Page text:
14 Fast Food Chains That Use Real Chicken

While fast food joints are sometimes given a hard time for serving "fake chicken," or even the dreaded "pink slime" to their customers, most quick-serve restaurants actually do a pretty good job of serving up real chicken on their menus. That said, there's a difference between "real chicken" (which may still be highly processed and doused in additives and chemicals ... like McDonald's chicken nuggets), and high-quality, low-processed chicken sourced from farms that prioritize animal welfare. 

Granted, you may not be overly concerned with animal welfare or processing when you're pulling through a drive-thru to order a 12-pack of your favorite nuggets. (Who can blame you?) But in the spirit of education and health, having a handle on which fast food joints produce and deliver the type of "real chicken" your grandma used to whip up in her kitchen may help you make better decisions when the hankering for a basket of chicken strips hits. 

1. Shake Shack

Shake Shack only has two chicken items on its regular menu (although the restaurant occasionally releases limited-time specials), but it's serious about making sure the chicken it serves is high-quality. So much so that it includes a whole section on its website about its animal welfare policy regarding what it expects from the farmers. For chickens, it requires a cage-free environment where the birds have room to flap their wings and move around. It may not sound like much, but it's the first step toward more stringent guidelines set to take effect in 2024. 

It also only sources chicken from farmers who don't use antibiotics and don't give their chickens feed with animal byproducts. This helps ensure the chicken Shake Shack serves is safe for you to eat. As far as how Shake Shack handles its chicken once the meat arrives at its restaurants? It ensures its meals are as fresh as possible — the chicken is never frozen and is always hand-fried and made to order.

2. Whataburger

Whataburger, like Shake Shack, has a fairly limited chicken menu, sticking to chicken strips and chicken sandwiches (with grilled chicken, fried chicken, or spicy fried chicken options). This actually works in the Texas chain's favor when it comes to serving real chicken, as the most common culprit of "fake chicken" accusations are chicken nuggets. The chain uses chicken breast for its sandwiches and chicken strips, with no chicken nuggets to be seen.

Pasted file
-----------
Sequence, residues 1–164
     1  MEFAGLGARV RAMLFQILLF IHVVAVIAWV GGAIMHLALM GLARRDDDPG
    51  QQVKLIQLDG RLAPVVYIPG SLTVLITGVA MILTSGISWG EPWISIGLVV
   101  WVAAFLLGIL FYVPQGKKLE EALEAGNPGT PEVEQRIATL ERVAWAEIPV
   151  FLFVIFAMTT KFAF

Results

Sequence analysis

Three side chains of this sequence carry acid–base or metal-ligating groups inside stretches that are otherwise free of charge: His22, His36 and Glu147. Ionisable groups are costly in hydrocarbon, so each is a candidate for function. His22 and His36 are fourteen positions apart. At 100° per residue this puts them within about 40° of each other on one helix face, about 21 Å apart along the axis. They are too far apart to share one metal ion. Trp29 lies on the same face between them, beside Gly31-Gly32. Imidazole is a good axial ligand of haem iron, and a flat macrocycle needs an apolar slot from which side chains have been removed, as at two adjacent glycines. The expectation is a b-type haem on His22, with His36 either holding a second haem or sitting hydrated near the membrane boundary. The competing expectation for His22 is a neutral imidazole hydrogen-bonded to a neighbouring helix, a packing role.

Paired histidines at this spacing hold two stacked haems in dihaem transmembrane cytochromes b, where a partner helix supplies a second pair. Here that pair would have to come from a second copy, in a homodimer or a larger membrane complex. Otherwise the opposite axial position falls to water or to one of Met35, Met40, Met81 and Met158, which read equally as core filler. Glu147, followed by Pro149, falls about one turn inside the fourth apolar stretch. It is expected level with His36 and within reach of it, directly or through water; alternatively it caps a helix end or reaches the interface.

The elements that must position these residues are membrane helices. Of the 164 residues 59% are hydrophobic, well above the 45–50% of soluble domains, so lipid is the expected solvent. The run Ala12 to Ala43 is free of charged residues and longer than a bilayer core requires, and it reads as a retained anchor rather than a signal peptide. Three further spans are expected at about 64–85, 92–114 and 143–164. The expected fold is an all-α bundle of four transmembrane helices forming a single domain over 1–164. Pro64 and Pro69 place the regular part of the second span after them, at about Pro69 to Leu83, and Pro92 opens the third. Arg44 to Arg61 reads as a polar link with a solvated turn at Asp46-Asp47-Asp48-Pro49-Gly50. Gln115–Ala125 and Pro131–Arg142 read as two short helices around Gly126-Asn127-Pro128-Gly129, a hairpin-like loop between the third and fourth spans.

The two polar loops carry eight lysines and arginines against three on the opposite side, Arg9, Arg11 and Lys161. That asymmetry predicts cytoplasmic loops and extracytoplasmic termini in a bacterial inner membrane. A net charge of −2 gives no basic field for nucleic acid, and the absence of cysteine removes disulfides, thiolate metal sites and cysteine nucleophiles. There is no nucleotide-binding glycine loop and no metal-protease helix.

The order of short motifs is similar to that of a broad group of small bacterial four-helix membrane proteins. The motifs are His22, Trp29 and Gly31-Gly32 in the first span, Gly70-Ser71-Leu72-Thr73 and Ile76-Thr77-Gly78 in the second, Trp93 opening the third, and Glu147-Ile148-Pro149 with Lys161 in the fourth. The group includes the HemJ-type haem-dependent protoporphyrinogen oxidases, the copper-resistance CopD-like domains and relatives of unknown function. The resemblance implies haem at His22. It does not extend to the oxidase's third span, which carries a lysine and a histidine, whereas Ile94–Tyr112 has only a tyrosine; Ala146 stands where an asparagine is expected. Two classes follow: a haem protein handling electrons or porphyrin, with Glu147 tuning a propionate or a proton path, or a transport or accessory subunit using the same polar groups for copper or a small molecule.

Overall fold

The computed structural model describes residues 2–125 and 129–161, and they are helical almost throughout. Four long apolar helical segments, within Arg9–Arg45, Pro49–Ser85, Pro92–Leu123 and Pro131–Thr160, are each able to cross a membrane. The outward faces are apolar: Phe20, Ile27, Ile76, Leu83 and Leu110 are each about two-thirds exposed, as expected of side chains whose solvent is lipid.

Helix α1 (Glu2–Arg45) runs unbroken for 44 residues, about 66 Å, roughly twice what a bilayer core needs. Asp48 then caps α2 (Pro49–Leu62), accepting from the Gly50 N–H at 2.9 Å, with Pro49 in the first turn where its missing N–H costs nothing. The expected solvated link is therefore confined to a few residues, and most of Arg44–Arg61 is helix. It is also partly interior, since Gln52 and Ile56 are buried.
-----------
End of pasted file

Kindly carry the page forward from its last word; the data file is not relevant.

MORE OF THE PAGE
It takes a little digging to find the actual ingredients included in Whataburger chicken, but it appears that the chain's chicken is made from whole chicken breasts that are prepared and cooked at each restaurant. The only additives are seasonings requested by the customers during the ordering process. As whole chicken, it hasn't been ground up or combined with other chicken byproducts like many other fast food restaurant's chicken nuggets, so you should be safe from the "pink slime" that goes into making more highly-processed offerings.

3. Starbird

Starbird chicken may not be a chain you're familiar with unless you live in Los Angeles or the Bay Area in California. But if you happen to live in these areas and love chicken? It's worth a stop. The restaurant's slogan is "positively delicious chicken," so you know it's ready to stand behind the product it is serving. And one of the things it does differently than most restaurants is source its chicken locally. That means it's fresher than if it was shipped across the country, which makes it easier to adhere to the promise of "never frozen, antibiotic-free poultry." 

It's a little harder to find confirmation about the company's rules regarding animal welfare, but in an interview with Eat This, Not That! a Starbird rep shared that its chicken is all "sustainably raised." So, if you're looking for some truly interesting chicken options made with real chicken, consider the brand's truffle parm tenders, Thai chicken salad, or Baja chicken taco the next time you find yourself flying through the San Francisco airport (yes, Starbird has a restaurant in the terminal).

4. Raising Cane's

Raising Cane's is a restaurant built specifically around offering high-quality chicken strips ... or chicken fingers or tenders, depending on your preferred nomenclature. Granted, it offers a chicken sandwich, too, but when you're in the mood for dippable finger foods, Raising Cane's has you covered. And even better, it offers real chicken you can feel good about eating. In fact, the chicken strips taste so good it won Thrillist's Fasties Award for the best chicken tenders in 2020, largely due to the company's high-quality, delicious-tasting chicken, not any added seasonings.

All of Raising Cane's chicken consists of real tenderloins marinated for 24 hours and hand-breaded in the restaurant before being cooked to order. And while it's not quite as candid about how it sources its chicken, it's a conscientious process. For instance, before opening the first Raising Cane's restaurant in the Middle East, the CEO himself traveled to the region multiple times to ensure all its ingredients and food preparation techniques were guaranteed to meet halal standards.

5. Chick-fil-A

Chick-fil-A is known for having high-quality food, and the company's approach to sourcing and preparing its namesake dish is no exception (rather, it's the rule). In fact, it makes its standards blatantly obvious, stating on its website, "Chick-fil-A sources 100% real, whole, boneless breast of chicken that has never been ground or separated, and that contains no fillers or added steroids or hormones." And that even includes its chicken nuggets.